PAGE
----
I just installed Crashplan on my MBP running OS X Lion. Crashplan is extremely slow in uploading all my files. Sitting overnight, it only has backed up about 4GB out of 450GB. Crashplan itself shows that it is uploading at about 750Kbps to 800Kbps. However, running a speed test (while Crashplan is uploading, I might add) reveals that I have upload speeds upwards of 3Mbps. I've followed Crashplan's instructions on how to speed up the backup, but it really didn't help. What can I do to fix this issue? I don't want to wait 50 days until all my data is backed up!

  • This sounds typical. It took about three months for my 1.2 TB to be backed up. – James Mertz Jul 7 '12 at 17:59
  • How long is "overnight"? 4 GB in 5 hours is about what you'd expect from a line with a 2Mbps speed. – David Schwartz Jul 7 '12 at 19:34
  • Overnight is about 9-12 hours. I wasn't really paying attention, but it should have done more than that. The main thing that bugs me is the fact that my Internet is 3mbps up and Crashplan is only using 800kbps of that; less than half of the available bandwidth. – daviesgeek Jul 8 '12 at 3:33
  • Crashplan is also doing de-duplication/compression on your data, so you might not max out your outgoing bandwidth. But still, I am experiencing the same slowness-- on similiar backup loads (jpgs, ~75 gigs), my Windows Crashplan backed up much faster (pretty much overnight) while OSX Crashplan says it'll take a week. – Nicholas Head Mar 13 '14 at 15:09

Sounds like the problem is at their end. Or your data is not going to a server that is closest to you.

you might want to try this to change your server, but be warned that you will have to restart the backup all over and loose your current settings: Changing your CrashPlan Central server for better backup speeds

...How do I switch servers?

Well, turns out you can assign your box a new machine GUID (a random identifier) and it’ll get assigned to a new home server randomly.

In order to do this you double click the CrashPlan logo (a green house) twice on the main screen and type in the command “guid new”. This will reset your local CrashPlan instance requiring you to set it up as a new computer, losing all your configurations, even local backups. Not only that, you will have to start back over with your initial backup. You have been warned! You’ll want to delete the old instance for your computer on the Destinations tab after you have made a successful backup, too.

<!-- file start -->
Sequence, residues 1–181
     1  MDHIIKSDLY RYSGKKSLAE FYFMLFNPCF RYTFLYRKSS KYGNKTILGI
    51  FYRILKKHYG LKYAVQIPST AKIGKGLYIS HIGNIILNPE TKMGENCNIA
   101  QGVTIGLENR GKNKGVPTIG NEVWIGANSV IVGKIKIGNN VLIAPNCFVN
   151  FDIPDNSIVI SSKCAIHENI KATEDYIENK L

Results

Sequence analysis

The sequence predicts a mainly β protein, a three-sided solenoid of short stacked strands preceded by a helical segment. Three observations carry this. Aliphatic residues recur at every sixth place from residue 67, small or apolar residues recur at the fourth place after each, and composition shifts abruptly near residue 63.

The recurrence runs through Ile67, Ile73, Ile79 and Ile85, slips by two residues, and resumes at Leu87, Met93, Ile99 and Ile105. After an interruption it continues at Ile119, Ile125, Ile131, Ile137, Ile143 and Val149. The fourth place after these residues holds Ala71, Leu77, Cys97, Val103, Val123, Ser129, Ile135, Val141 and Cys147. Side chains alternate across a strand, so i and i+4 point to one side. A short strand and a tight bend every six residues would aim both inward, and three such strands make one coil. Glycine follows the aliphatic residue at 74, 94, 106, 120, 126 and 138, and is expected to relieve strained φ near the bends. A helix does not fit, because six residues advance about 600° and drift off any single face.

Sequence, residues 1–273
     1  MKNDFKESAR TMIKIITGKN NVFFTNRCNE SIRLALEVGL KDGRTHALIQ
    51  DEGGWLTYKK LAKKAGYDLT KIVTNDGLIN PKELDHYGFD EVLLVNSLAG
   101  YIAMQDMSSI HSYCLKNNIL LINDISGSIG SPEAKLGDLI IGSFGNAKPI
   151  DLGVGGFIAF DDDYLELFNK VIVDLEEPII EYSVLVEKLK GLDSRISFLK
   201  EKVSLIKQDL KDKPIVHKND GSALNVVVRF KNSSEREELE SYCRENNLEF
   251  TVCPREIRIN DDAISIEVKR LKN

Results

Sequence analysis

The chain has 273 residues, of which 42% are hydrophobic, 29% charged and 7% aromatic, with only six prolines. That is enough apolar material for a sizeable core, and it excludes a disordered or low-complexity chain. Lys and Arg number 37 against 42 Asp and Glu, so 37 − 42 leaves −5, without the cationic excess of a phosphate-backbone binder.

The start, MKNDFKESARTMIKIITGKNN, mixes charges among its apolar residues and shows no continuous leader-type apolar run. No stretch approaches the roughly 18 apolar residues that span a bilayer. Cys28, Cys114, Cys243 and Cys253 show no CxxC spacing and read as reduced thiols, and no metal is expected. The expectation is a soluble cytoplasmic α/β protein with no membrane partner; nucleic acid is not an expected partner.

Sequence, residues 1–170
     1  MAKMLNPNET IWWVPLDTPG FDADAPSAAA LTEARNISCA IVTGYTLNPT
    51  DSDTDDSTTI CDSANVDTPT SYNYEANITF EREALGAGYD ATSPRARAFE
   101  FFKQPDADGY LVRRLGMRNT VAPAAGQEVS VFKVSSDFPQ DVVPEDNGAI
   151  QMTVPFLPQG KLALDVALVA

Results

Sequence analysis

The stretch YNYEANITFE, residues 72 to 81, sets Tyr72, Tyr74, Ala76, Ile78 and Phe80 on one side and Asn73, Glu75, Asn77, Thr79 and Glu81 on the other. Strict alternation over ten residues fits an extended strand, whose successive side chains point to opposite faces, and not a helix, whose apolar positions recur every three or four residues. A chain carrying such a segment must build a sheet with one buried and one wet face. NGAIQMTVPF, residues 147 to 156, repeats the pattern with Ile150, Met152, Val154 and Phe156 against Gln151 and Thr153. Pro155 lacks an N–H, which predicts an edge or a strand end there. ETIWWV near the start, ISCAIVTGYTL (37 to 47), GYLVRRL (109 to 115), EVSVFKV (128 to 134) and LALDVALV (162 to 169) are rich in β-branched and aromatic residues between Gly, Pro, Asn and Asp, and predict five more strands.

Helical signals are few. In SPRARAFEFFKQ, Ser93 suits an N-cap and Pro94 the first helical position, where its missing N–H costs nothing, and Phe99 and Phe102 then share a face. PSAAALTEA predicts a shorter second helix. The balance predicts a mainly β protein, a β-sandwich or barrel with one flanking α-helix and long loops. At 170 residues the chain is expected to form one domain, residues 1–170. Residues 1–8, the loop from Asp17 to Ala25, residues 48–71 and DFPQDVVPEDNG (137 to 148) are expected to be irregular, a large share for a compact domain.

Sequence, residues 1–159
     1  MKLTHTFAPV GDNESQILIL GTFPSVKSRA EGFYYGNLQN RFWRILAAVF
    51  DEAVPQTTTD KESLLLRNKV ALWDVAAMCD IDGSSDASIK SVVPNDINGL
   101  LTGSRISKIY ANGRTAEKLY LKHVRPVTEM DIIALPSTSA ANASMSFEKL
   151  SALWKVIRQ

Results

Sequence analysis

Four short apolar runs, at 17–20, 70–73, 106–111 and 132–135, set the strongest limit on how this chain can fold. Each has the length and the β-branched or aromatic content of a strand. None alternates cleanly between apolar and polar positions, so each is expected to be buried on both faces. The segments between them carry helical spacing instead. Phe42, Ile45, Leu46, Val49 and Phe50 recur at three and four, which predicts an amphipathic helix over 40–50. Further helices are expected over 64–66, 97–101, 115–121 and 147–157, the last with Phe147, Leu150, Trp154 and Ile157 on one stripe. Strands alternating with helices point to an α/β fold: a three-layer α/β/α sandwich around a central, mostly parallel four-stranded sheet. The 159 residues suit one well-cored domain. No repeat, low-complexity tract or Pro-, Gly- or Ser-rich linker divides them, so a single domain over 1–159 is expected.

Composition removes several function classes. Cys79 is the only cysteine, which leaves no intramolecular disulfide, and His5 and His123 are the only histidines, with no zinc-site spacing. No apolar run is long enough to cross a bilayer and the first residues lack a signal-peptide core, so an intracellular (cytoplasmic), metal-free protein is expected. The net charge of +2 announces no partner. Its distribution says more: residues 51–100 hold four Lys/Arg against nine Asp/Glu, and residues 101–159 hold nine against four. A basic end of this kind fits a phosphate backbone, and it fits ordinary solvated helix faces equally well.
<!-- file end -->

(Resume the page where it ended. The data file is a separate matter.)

You should find what server it is using right now, and where it is... and if you try resetting using the above information, you should check again and see where it will be going and see if it is closer and not the same server again or even farther.

  • The only problem with this is that it's another randomly generated server being selected. That's not exactly going to pic he closer one. – James Mertz Jul 7 '12 at 18:00
  • Seems like this worked for me. Crashplan is now using 2-4 Mbps and says I only have 12-16 days. Thanks so much!!!! – daviesgeek Jul 16 '12 at 22:35
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    Very good advice. I have a gigabit server both up and down. I Was connected to one server that gave me 500Mbps burst then slowly dropped to ~2Mbps. Great for small changes, but bad for the initial backup, for sure. Connected to another server and now I have sustained 30-40Mbps upload. Thanks. – Nick Woodhams Dec 23 '12 at 11:00
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    Quick update, I started getting throttled once I uploaded a couple gigs. Sustained 8mbps, so about 1MB/s... at that rate I will never have the server backed up. Back to the drawing board... – Nick Woodhams Dec 29 '12 at 9:25

I think a big part of it is simply processing and de-duplicating the data. I find that when I change the CPU available (when I am using the computer) from 20% to 99%, my data transfer speeds increase significantly.

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